14:20 SP: The imprisonment of nonviolent drug offenders and the toleration of rape in our nation’s prisons.

14:24 RNG: Scrimping on donations to life-saving charities in the developing world.

14:29 SP: The possession of nuclear weapons.

14:31 RNG: The appeal to religion to justify the otherwise unjustifiable, such as the ban on contraception.

14:38 SP: What about religious faith in general?

14:40 RNG: Eh, I’m not holding my breath.

14:42 SP: Still, I have become convinced that reason is a better angel that deserves the greatest credit for the moral progress our species has enjoyed and that holds out the greatest hope for continuing moral progress in the future.

14:55 RNG: And if, our friends, you detect a flaw in this argument, just remember you’ll be depending on reason to point it out.

Note: Reason is a continuous process, for individual and generations, and is an integral part of our survival instinct. If the women are taught to reason and reflect early on, the new generations will be inducted to reflect and learn to be pessimistic on many idiosyncrasies.

The educated mothers will generate a developing survival instinct. Those left on their own with truncated and incomplete knowledge of facts and discoveries will generate a disintegrating survival instinct. In all cases, state governments play a central and critical function in developing a mature survival instinct for the species.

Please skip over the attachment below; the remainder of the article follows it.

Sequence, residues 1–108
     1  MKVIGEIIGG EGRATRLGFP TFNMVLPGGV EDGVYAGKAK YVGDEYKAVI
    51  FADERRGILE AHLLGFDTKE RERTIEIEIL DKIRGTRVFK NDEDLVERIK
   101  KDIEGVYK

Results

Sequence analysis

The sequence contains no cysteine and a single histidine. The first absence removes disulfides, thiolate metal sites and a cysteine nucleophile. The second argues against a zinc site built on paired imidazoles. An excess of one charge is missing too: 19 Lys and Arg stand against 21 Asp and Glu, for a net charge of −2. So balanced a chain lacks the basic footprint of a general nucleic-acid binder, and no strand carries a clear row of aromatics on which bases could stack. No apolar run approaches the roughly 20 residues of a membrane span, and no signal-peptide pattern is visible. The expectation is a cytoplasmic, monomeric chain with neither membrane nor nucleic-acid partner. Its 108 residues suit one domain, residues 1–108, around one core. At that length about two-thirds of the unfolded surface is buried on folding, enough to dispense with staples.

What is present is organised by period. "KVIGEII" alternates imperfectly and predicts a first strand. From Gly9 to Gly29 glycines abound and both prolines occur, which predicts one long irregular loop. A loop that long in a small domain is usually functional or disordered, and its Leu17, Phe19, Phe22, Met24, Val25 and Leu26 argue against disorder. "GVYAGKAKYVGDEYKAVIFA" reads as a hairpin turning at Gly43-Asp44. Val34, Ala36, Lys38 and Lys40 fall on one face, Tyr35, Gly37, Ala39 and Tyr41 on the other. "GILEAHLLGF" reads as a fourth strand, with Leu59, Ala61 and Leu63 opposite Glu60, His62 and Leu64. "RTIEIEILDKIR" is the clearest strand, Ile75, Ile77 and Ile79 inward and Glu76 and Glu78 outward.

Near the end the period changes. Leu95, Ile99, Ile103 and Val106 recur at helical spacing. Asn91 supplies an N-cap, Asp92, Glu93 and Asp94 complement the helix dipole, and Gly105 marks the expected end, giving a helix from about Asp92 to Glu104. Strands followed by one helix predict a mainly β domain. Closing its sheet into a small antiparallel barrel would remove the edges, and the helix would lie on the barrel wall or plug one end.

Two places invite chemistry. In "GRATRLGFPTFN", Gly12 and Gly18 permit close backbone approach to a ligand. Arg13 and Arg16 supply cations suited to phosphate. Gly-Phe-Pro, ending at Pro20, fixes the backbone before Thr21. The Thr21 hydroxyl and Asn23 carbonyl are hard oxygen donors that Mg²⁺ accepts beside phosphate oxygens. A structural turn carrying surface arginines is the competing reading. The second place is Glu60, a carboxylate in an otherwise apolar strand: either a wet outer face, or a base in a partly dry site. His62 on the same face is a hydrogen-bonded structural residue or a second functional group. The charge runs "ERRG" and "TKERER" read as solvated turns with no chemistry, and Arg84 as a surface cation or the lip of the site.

Why it pays to be grumpy and bad-tempered

  • By Zaria Gorvett. 10 August 2016

On stage he’s a loveable, floppy-haired prince charming. Off camera – well let’s just say he needs a lot of personal space. He hates being a celebrity. He resents being an actor. To his ex-girlfriend Elizabeth Hurley’s friends he was apparently known as ‘Grumpelstiltskin’. (A typical introvert who has to temporarily act extrovert?)

Hugh Grant may be famed for being moody and a little challenging to work with. But could a grumpy attitude be the secret to his success?